Linux.conf.au 2010 has come to an end and I am looking back at an intense week of conferencing. A big shout out to the organisers for their excellent work. I think LCA (as well as DebConf) just keeps getting better every year. This does not at all discredit previous organisers, because they were the best at their times and then passed on the wisdom and experience to help make it even better in the following year.
The week started off with the DistroSummit, which Fabio and I organised. Slides are forthcoming, as I failed to get them off the speakers right after their talks — it's interesting how stress levels and adrenaline can cause one to forget the most obvious things. This is where experience comes in. I'll be there again next year, I hope, to do things better.
The theme of the day was cross-distro collaboration, and we started the day a little bit on the Debian-side with Lucas Nussbaum telling us about quality assurance in Debian, alongside an overview of available resources. We hoped to give people from other distros pointers, and solicit feedback that would enable us to tie quality assurance closer together.
Next up was Bdale Garbee who talked about the status of the Linux Standard Base. While I am really interested in such standardisation efforts, I realised during his talks that I had considerable difficulties paying attention because as organiser of the conference, I had all sorts of other things occupying my thoughts.
I proceeded to tell the audience — the room was mostly filled throughout the day with an estimated 40–50 folks, and I'd say about half of them stayed throughout, while the other half came in and left the room between talks. I could not get the projector to work with my laptop after the upgrade to Kernel Mode Setting, and thus used the whiteboard to give a brief introduction to vcs-pkg.org, talk about the current state of affairs, summarise the trends in discussions around patch management and collaboration, give an outlook of what's up next, and solicit some discussion.
Sadly, just like during Bdale's talk, I found myself worrying over the organisation of the day, rather than actually taking in most of the discussion. Fortunately, others have written about the most important points, so I defer to them.
Michael Homer then told us about GoboLinux's Aliens system, which is a way to integrate domain-specific packages with distro-specific package maintenance — e.g. how to get APT to handle CPAN directly, or how to let YUM manage Python packages. The ensuing discussion was interesting, and we carried it over to the next slot, because Scott, the next speaker, was stuck in traffic. To summarise briefly: scripting languages have a lot of NIH-style solutions because it works for them, but these are a nightmare to distro packagers. One symptom of the status quo is that complex software packages like Zimbra are forced to distribute all required components in their installation packages, which make distro packaging, quality assurance, and security support even harder. I don't think we found a solution, other than the need for further standardisation (like the LSB), but the road seems to be a long and windy one.
Laszlo Peter introduced the audience to SourceJuicer, a new build system used by OpenSolaris. The idea is that contributors submit packages via a web interface, kicking off a workflow incorporating discussion and vetting, and only after changes have been signed-off are packages forwarded to auto-builders and eventually end up in the package repository. This is very similar to upload ideas I've had a while ago, which I've started to (finally) implement. Unfortunately, SourceJuicer seems very specific to OpenSolaris, as well as non-modular, so that I probably won't be able to reuse e.g. the web interface on top of a Debian-specific package builder.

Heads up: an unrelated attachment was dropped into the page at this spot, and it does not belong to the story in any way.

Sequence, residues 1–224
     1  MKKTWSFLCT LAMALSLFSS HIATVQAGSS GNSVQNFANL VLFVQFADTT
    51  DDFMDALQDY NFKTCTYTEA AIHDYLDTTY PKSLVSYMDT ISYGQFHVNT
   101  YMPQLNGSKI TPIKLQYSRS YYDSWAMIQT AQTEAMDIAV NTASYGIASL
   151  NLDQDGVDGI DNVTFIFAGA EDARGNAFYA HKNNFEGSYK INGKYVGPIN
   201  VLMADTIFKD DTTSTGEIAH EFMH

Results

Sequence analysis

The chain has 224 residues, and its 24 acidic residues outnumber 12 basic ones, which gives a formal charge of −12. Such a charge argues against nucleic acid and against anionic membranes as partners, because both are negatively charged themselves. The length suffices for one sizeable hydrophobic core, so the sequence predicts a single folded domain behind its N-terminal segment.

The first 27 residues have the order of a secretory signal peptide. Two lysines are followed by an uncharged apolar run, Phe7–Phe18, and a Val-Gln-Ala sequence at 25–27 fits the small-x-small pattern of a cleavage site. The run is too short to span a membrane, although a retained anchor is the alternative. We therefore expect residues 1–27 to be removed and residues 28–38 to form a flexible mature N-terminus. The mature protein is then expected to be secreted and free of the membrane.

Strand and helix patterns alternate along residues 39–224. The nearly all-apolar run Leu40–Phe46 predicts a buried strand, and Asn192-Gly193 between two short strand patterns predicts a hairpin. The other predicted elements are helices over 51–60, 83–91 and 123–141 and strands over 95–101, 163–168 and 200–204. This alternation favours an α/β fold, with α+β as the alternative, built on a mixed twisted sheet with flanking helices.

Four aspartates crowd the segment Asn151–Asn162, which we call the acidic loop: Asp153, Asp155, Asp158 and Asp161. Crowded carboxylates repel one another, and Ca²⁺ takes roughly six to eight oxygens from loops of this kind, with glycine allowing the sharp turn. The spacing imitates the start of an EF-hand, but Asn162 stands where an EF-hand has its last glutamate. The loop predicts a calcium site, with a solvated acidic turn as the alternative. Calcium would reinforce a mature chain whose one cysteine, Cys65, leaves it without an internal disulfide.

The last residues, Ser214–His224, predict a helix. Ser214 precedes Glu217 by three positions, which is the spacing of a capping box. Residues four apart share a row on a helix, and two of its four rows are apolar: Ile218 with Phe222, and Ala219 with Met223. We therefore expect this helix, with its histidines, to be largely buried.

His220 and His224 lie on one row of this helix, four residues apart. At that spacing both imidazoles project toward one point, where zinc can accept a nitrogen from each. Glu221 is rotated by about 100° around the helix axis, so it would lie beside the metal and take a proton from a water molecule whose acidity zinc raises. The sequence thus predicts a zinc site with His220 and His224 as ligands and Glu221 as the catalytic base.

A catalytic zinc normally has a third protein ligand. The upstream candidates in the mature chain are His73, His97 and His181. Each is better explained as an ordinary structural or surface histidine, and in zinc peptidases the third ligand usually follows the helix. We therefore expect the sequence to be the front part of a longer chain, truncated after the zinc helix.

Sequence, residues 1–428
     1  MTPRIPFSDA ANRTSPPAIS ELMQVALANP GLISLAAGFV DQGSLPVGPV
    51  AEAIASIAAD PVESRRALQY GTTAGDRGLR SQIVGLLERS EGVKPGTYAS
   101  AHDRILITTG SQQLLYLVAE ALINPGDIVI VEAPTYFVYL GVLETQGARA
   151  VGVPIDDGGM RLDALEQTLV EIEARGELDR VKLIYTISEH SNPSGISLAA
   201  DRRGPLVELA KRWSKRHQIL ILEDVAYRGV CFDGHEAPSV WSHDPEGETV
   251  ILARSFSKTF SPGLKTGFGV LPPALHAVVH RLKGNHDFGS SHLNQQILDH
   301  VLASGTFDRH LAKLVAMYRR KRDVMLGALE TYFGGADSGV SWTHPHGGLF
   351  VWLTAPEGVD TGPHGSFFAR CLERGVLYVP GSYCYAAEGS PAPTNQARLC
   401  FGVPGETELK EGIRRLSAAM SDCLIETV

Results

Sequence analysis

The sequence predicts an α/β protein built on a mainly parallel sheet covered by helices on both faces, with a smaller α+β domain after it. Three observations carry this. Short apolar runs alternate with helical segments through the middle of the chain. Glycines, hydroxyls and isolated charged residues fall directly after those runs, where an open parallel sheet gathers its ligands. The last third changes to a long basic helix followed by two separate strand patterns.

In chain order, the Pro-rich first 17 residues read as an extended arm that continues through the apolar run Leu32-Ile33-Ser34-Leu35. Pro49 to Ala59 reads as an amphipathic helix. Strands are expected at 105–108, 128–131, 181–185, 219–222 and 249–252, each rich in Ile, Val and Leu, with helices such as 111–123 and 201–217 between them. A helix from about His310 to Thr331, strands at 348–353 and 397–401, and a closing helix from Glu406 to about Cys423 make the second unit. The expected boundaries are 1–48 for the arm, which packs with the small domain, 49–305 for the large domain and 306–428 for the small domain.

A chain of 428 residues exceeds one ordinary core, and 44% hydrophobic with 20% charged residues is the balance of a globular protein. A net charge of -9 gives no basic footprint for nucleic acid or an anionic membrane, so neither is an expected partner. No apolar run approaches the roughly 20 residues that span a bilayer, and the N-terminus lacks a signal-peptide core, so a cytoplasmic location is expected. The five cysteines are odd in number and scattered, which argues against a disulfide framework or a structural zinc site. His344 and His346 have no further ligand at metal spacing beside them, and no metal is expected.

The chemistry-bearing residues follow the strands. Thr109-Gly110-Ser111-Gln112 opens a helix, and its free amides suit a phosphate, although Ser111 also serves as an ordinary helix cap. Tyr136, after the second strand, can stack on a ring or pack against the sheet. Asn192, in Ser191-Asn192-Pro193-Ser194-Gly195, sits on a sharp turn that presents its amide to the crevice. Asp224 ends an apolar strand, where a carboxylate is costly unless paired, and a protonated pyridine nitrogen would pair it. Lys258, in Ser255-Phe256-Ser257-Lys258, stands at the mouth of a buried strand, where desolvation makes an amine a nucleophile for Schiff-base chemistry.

After the break, Dustin Kirkland stepped up to tell us about his user experience of Launchpad. Unfortunately, I found his talk a bit too enthusiastic. Launchpad undoubtedly has some very cool features and ideas, but it's just one of the available solutions.
The dicussion of Launchpad also dominated the next talk, in which Lucas Nussbaum told us about the Debian-Ubuntu relationship. While his presentation showed that the relationship was improving (Matt Zimmerman made the point that there are rather many relationships, rather than one relationship), I was a bit disturbed by the comments of Launchpad developers in the room, ranging from "Debian is declining anyway" to "Just use Launchpad if you want to collaborate with others and not go down". There was a slight aura of arrogance in their comments which tainted my experience of the otherwise constructive discussions of the day.
Overall I had a great time. Debian and Ubuntu made up the vast majority of attendants, with only a handful of representatives from other distros present. I wonder why that would be. One reason might be that around 70% of LCA attendants declared themselves Debian or Ubuntu users, and so there weren't many other distros around. Another might be that I still haven't spread the word enough. Let's hope to do better next year!
Thanks to all the speakers. We may have organised the day, but you made it happen and interesting!
Slides and recordings of the talks will be linked from the archived website when they become available (yes, the archive page does not exist yet either).
Update: Jelmer informed me that the people who spoke up against Debian during and after the Launchpad talk were not officially affiliated with Launchpad. It's a shame that this negatively reflected upon Launchpad for some of the attendees (not just myself).
It took us a bit longer than planned, but we are happy to announce the schedule for the Distro Summit at the upcoming LCA2010 conference. We focused on cross-distro aspects, and we hope that you are as excited as we are about the result.
The schedule is displayed on the Distro Summit homepage and I best refrain from duplicating it here.